6. The dramatising of these historical events? The far-fetched plot – and the Hollywood references? Characters, tensions? The six in the Canadian embassy for two months, having to compress all this tension into a two-hour film? The fear and tension, the Canadians? The characters in the film – and the final credits and their resembling their actual characters considerably?

7. The credibility of the plot, its seeming far-fetched, yet its happening? The importance of President Carter’s final speech at the end of the film?

8. The use of Turkish locations, the feature shots of Teheran and its mountains? An authentic feel? Editing and pace? The musical score and the range of moods?

9. The picture of American authorities, Washington, DC, CIA offices, state? The details of the room, the personnel, the equipment? The contrast with Los Angeles, the world of Hollywood? John Chambers’ world, makeup and movies, fantasy? The Hollywood agents and deals? Plants of information in Variety, making a fake film?

10. The establishing of Iranian history and tradition? The status in 1979? The protests, the staff, the people queuing for visas, the decision to shred the material, the crowds, the breaking in, the unbolting of the gates, inside the embassy? Final decisions, those staying? The group escaping, the car, welcomed by the Canadian ambassador, in his house? The sixty remaining as hostages?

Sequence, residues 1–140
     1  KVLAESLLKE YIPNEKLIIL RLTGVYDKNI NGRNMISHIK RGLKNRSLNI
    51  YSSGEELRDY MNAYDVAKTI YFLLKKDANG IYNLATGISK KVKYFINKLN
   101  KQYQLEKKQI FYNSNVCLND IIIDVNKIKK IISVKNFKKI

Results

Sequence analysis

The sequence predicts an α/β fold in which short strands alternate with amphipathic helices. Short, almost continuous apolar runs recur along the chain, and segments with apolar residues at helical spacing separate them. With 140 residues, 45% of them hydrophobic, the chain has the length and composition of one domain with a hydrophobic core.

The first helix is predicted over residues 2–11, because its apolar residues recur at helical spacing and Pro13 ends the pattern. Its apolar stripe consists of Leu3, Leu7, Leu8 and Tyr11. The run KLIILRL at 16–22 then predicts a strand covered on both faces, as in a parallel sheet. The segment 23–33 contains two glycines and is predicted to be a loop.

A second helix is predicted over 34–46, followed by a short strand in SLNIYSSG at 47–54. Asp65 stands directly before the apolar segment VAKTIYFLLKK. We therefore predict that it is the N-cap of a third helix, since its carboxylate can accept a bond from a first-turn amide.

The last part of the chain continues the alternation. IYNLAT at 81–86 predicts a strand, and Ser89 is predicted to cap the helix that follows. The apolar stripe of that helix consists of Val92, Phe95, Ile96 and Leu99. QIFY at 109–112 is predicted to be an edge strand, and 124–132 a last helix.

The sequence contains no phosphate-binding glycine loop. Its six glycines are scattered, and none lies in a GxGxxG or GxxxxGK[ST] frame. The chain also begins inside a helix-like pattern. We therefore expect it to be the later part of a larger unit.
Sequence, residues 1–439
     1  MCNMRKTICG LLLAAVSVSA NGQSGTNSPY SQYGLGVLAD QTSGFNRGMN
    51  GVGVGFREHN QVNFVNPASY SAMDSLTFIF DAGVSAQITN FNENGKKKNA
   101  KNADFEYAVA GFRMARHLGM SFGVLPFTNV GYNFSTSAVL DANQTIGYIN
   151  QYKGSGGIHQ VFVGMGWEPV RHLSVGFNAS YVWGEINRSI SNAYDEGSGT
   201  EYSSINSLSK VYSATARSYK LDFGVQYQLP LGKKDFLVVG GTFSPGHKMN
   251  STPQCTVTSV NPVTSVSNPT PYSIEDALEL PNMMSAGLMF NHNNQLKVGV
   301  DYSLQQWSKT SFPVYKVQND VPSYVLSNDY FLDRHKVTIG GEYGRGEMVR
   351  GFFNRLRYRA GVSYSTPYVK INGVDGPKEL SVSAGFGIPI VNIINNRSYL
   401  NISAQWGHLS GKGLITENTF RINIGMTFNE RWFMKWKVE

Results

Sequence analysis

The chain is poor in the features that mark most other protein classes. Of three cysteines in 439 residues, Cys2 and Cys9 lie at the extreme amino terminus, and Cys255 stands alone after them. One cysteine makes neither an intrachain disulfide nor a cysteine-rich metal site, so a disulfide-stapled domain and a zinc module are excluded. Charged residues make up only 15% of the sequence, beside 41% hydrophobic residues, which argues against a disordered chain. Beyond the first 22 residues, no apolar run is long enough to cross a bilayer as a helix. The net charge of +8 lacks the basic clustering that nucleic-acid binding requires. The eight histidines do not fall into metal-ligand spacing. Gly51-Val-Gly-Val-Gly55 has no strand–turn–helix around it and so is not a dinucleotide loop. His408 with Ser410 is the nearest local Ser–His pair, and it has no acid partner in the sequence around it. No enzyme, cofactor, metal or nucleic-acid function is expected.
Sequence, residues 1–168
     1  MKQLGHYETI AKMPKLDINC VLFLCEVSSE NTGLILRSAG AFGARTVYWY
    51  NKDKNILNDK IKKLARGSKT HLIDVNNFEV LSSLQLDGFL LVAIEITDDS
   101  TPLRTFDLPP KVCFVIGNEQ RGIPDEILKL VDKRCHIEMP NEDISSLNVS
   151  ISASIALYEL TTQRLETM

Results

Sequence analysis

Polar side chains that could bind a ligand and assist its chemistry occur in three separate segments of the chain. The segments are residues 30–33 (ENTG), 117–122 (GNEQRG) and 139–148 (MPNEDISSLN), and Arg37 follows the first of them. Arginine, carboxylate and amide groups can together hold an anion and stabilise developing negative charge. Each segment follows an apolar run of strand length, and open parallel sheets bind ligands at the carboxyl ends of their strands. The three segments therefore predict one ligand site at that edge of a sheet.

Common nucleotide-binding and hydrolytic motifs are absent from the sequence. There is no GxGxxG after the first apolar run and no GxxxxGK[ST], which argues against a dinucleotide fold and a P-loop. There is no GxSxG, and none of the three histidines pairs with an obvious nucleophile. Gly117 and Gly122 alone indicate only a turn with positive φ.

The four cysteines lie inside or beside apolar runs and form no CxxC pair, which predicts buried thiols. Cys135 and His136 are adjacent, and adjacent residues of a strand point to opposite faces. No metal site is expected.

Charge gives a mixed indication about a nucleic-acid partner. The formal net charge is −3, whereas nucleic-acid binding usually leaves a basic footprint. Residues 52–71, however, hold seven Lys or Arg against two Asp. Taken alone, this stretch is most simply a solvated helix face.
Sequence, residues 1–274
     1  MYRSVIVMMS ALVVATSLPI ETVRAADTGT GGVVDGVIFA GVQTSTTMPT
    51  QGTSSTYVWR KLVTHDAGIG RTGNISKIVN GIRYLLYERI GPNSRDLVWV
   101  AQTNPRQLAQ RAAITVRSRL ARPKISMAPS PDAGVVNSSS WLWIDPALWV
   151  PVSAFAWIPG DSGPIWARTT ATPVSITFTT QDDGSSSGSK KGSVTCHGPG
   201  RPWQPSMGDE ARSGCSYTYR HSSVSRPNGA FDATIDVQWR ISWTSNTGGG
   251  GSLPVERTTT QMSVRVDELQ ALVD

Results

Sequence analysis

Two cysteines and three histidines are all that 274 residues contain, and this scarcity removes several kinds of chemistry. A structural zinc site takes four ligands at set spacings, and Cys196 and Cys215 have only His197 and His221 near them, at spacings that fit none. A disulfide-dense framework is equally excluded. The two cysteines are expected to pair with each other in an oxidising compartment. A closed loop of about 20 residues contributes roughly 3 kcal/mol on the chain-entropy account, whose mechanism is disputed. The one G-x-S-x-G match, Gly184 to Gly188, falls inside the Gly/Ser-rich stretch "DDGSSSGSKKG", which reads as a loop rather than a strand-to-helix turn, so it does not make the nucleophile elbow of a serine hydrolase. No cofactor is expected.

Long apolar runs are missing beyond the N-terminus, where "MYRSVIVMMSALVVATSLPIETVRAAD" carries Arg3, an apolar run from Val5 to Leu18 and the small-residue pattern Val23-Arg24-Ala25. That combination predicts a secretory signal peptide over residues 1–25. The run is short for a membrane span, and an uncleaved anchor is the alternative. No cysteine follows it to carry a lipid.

11. The introduction to Tony Mendez, a real character, his fictional name for the operation, separation from his wife, the contact with his son – and the idea of the film from watching The Planet of the Apes films?

12. Washington, the variety of scenarios and discussions, the futility of the bike-ride to the Turkish border, food inspection during the winter and the snow? The closing down of the international schools and teachers not admitted? The authorities and their serious approach? When confronted with the fake film scenario?

13. The fake film? Jack O’ Donnell and his working with Tony Mendez? His giving the all-clear? The time needed to set up the film? Tony and his visit to John Chambers – and John Goodman’s style and the funny remarks about Hollywood and fakery? The meeting with Lester? His cynicism? His career? His wit? The scripts and their searching for a suitable film? The discovery of Argo – in the wake of Star Wars? The ironic swearing with the title of the film? Going to the agent, the dealing, the bluff about Warren Beatty? The leaks to Variety? Setting up the reading, the cast in costume, the performance? An authentic feel?

14. Trying to persuade the authorities, the visit to the White House, Secretary of State? The go-ahead?